WSSC asking for 6 percent increase in local water and sewer rates -- Gazette.Net






Share on Facebook
Share on Twitter
E-mail this article
Leave a Comment
Print this Article

The story was corrected at 3:30 p.m. Jan. 17, 2014. An explanation follows.

Water and sewer rates in Montgomery and Prince George’s counties would increase by 6 percent under a budget proposal issued this week by the Washington Suburban Sanitary Commission.

If approved, the rate hike would add about $4.47 per month, or $13.41 per quarter, to what the utility would charge a typical customer, beginning July 1, based on household usage of about 210 gallons of water daily.

The rate hike follows a 7.25 percent increase last year, preceded by rate increases ranging from 9 percent to 7.5 percent between 2012 and 2008 and from 6.5 percent to 2.5 percent between 2007 and 2004.

Before that, WSSC rates did not increase for six years, following a belt-tightening at the public utility after lawmakers, in the mid-1990s, pushed for moving more of the utility’s work to the private sector.

The $1.33 billion budget plan presented to the WSSC commissioners this week is 7.5 percent lower than the $1.44 billion approved for this budget year, which ends June 30.

The proposal for the budget that begins July 1 includes more than $625 million in capital spending and more than $707 million in operating costs.

Most of the overall 15.7 percent decrease in the capital budget would come from the completion of major improvements in sewage treatment technologies. That includes enhanced nutrient removal at WSSC plants. It also includes, at the regional Blue Plains facility in Washington, D.C., anaerobic digestion processes that reduce sewage solids and generate electricity.

A 1.2 percent increase in the operating budget would come from a more than $3 million increase in salaries and wages, a nearly $2 million increase in the utility’s share for the cost of operating Blue Plains and a $14.86 million increase in costs for “other” expenses. That would be offset by an almost $10.5 million decrease in debt service — loan repayment — costs and a projected more than $1 million decrease in costs for heat, light and power.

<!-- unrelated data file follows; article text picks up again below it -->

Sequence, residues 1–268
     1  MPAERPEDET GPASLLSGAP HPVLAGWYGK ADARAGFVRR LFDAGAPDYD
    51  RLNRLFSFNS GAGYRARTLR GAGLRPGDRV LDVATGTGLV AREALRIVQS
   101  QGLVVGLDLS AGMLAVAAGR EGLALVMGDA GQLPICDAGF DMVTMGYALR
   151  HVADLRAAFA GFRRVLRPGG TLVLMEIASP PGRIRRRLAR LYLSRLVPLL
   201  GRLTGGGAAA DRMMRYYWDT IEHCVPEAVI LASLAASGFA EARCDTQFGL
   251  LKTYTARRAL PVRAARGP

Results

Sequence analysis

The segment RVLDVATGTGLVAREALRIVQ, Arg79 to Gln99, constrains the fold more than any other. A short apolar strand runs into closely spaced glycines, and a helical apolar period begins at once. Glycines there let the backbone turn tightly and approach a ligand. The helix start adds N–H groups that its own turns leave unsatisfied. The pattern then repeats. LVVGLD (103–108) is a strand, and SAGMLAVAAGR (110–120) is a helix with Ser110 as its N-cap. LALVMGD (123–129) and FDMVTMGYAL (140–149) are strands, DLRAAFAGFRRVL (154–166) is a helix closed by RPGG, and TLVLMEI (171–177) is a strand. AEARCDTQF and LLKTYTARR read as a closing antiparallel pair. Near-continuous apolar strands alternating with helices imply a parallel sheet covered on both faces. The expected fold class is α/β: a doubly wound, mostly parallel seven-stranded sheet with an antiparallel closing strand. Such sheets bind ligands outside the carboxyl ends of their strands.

“My question is: Is the increase enough to prevent major water pipes from exploding and enough to prevent sewers from backing up into people’s homes and pouring into streams?” said Larry Silverman, a lawyer and environmental advocate.

“My concern is: Is the County Council is going to try to cut that budget?” Silverman said.

The proposed 6 percent combined increase in water and sewer rates is at the limit that Montgomery and Prince George’s counties’ agreed on in setting spending affordability guidelines late last year.

Three commissioners from each of the two counties make up the utility’s governing board. They will review, and can change, their staff’s budget proposal before they vote on it and send it to the two counties’ executives, which they are required to do by March 1.

“There’s a good chance it [the rate increase] will come in at 6 percent,” WSSC Chairman Gene Counihan of Montgomery said Wednesday.

Cutbacks and no rate increases for several years have led to “a lot of maintenance issues to be addressed [and] we have a bigger system to maintain,” Counihan said.

After a spate of sub-zero temperatures in the first week of January, the utility has suffered 301 water main and pipe leaks and breaks. As of Wednesday, 41 of those ruptures still needed to be repaired, WSSC spokesman Jerry Irvine wrote in an email.

The rehabilitation of 60 miles of water mains, house connections, meters and vaults is included in the budget, according to WSSC documents, as well as increased funding for reconstruction and monitoring.

Counihan said the commissioners are concerned about the ability of low-income customers to pay the higher rates.

That concern has led the utility to ask the legislature to allow it to create a program to provide cost relief to low-income customers, he said.

A work group examining the utility’s rate structure is expected to issue findings and recommendations in late April or May. The report might generate a lot of community discussion, Counihan said.

The WSSC will hold a public hearing on the budget proposal Feb. 5 at 7:30 p.m. in Rockville at the County Council building at 100 Maryland Ave.

The utility also will hold a public hearing on the budget Feb. 6 in Largo at 1400 McCormick Drive.

By March 15, the budget proposal goes to the county councils.

The Montgomery and Prince George’s county councils must come to an agreement and approve a budget for the WSSC by June 1 or the budget approved by the WSSC commissioners is adopted.

Editor’s note: The Washington Suburban Sanitary Commission’s proposed budget includes $707 million in operating costs and $625 million in capital costs. An earlier version of the story erred by citing operating and capital costs for the current budget year rather than those proposed for next year.